In addition to the FOIA documents, evidence of CRS’s involvement in the contraception-promoting program was corroborated by CRS sub-partner website content, and by on-the-ground field interviews conducted by an independent investigator retained by PRI who had a medical background and who was fluent in local languages.

PRI, the Lepanto Institute, and Human Life International (HLI) attempted unsuccessfully to meet with CRS leadership, CRS Chairman and Oklahoma City Archbishop Paul Coakley, and other board members over several months before releasing the report.

After the apparent unwillingness of CRS and its governing body to discuss the concerns, the groups’ remaining recourse was the March 3 press conference called to share the results of the report.

“PRI has been trying for months to address these concerns through appropriate channels,” PRI President Stephen Mosher said. “We are now making our findings public in the hope that CRS will speedily enact credible reforms to ensure that such abuses never happen again.”

HLI Director of Mission Communications Stephen Phelan said at the press conference that his organization was part of releasing the report because of the unsuccessful efforts to meet, and while he expressed reluctance on the part of HLI toward taking part, they felt compelled to join with PRI and the Lepanto Institute because of their findings on CRS.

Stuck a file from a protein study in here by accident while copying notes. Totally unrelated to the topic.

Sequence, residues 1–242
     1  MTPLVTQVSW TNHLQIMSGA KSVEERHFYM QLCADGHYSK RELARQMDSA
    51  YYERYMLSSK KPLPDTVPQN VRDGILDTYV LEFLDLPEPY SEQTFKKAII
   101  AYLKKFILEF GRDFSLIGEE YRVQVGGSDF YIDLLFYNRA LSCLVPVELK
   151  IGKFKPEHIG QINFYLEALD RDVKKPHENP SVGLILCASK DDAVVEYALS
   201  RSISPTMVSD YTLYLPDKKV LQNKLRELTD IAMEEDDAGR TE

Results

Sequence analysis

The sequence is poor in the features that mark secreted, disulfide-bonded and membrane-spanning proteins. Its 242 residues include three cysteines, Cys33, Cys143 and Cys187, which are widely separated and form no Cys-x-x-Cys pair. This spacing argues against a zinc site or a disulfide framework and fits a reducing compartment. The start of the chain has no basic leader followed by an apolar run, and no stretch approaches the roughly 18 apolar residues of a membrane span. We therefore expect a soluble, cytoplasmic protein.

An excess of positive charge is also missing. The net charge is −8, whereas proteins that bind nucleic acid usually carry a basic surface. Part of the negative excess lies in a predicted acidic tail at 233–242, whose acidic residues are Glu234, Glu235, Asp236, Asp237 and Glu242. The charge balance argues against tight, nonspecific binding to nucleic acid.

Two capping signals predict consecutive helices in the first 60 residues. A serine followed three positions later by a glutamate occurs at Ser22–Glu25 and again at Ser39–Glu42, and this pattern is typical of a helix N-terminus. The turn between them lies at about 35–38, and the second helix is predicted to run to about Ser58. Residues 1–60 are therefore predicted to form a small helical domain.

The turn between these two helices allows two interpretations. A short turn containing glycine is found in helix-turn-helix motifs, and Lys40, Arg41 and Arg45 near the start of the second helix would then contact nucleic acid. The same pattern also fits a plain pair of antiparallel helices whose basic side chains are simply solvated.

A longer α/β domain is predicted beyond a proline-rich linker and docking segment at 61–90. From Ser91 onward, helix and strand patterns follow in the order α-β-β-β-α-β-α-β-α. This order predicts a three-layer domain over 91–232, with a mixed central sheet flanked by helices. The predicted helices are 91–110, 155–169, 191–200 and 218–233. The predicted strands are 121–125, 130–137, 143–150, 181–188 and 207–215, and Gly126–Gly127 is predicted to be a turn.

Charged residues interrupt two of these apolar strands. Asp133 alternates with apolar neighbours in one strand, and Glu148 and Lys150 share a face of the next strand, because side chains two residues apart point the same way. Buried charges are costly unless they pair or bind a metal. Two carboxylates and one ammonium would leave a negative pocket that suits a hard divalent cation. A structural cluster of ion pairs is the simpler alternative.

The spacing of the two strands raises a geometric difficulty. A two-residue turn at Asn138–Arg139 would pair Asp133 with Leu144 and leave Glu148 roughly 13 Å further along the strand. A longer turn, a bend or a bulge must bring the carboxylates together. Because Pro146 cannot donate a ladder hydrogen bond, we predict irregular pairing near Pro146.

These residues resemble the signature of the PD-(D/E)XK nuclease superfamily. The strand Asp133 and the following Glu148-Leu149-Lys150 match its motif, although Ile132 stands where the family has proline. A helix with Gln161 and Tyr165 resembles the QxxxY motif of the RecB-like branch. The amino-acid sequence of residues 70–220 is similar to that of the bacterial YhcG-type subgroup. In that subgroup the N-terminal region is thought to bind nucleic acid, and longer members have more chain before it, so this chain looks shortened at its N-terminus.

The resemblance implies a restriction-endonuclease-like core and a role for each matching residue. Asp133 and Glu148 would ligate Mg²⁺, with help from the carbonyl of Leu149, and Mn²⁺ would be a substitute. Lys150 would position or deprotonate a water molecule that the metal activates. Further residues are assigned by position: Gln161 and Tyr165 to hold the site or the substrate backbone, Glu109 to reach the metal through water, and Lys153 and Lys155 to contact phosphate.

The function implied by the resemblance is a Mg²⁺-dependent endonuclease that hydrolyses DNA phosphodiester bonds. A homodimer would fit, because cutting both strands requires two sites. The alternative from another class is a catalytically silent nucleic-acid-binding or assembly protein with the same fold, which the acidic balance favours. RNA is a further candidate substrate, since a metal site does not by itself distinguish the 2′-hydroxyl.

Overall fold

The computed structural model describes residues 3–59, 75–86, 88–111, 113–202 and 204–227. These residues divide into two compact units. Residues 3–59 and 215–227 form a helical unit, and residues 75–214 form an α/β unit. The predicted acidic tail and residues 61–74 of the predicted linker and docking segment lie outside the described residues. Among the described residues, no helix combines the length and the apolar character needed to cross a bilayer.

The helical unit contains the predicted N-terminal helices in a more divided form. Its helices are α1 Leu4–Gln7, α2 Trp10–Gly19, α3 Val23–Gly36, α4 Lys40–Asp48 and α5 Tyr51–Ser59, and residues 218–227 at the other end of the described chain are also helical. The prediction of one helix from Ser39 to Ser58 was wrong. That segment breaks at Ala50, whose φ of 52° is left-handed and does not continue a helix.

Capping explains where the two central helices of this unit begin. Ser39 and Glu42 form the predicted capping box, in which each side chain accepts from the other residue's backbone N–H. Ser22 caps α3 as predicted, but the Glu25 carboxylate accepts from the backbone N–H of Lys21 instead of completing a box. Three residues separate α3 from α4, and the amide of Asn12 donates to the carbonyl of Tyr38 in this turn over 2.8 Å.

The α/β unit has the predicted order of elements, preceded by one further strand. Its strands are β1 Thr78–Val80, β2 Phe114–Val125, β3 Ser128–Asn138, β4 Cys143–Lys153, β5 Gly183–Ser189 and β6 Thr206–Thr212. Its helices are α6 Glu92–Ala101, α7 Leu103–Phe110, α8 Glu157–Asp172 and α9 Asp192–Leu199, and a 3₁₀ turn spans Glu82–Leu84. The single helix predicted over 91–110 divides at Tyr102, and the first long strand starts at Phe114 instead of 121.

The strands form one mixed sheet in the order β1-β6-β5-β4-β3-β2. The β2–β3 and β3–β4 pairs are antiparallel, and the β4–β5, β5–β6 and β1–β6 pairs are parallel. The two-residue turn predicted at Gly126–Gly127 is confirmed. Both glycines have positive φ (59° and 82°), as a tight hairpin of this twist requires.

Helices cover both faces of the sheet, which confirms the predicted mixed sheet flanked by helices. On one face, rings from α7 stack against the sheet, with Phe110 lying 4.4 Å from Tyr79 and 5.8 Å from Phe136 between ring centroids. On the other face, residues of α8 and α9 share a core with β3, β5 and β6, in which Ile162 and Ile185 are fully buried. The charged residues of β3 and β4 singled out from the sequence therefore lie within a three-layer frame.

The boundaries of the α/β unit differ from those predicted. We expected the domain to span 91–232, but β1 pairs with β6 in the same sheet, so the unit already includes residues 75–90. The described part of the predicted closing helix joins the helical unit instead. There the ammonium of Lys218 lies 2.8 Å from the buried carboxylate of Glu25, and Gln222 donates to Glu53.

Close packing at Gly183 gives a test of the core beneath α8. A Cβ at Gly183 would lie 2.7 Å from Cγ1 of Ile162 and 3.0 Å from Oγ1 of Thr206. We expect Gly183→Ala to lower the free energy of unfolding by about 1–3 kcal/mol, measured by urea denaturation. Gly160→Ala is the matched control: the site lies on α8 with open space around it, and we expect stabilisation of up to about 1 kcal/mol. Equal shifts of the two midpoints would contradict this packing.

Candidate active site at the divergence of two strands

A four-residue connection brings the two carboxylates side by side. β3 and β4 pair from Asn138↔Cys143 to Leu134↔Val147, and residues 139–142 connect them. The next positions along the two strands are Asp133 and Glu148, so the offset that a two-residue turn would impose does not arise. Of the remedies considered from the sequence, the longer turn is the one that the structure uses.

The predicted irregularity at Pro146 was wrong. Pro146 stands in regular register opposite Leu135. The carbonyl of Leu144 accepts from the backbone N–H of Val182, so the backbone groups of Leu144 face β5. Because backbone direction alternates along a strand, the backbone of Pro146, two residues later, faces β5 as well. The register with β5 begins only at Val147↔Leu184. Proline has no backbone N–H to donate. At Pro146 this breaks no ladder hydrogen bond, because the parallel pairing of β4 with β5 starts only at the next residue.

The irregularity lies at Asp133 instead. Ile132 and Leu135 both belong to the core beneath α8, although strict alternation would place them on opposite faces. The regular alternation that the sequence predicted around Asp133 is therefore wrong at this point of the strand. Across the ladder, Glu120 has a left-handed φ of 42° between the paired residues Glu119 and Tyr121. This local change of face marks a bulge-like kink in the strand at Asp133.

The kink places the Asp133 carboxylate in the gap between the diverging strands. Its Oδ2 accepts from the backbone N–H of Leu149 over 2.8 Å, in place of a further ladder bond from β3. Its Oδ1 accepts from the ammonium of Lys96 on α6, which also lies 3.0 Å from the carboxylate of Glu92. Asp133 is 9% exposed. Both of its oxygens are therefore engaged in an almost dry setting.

“We’ve read the reports, based on our own background in the area we find it to be very credible, and we’re very concerned that CRS’ current public explanation on the record cannot be true,” Phelan said. “I want to make that as clear as possible, what CRS has said about this cannot be true.”

“What makes it worse is that they’ve told the bishops this and now the bishops won’t talk to us about this,” he continued. “Again, forcing this out in the public.”

CRS issued its response to the allegations during the March 3 press conference, allowing PRI and the Lepanto Institute to respond at the event.

“After a careful review of the facts, the report's allegations unravel quickly,” the CRS statement said. “They are misleading, exaggerated, and untrue.”

Examples of what’s shown in the FOIA documents include CRS’s sub-partner, Africa Inland Church, indicating that it implemented eight modules (the full program) of Healthy Choices II through CRS-SAIDIA (Support and Assistance to Indigenous Implementing Agencies), and CRS’s sub-partner, Caritas Nyeri, indicating that it implemented Healthy Choices II, and that Healthy Choices II promoted “protected sexual intercourse,” “safe sex,” and “consistent condom use.”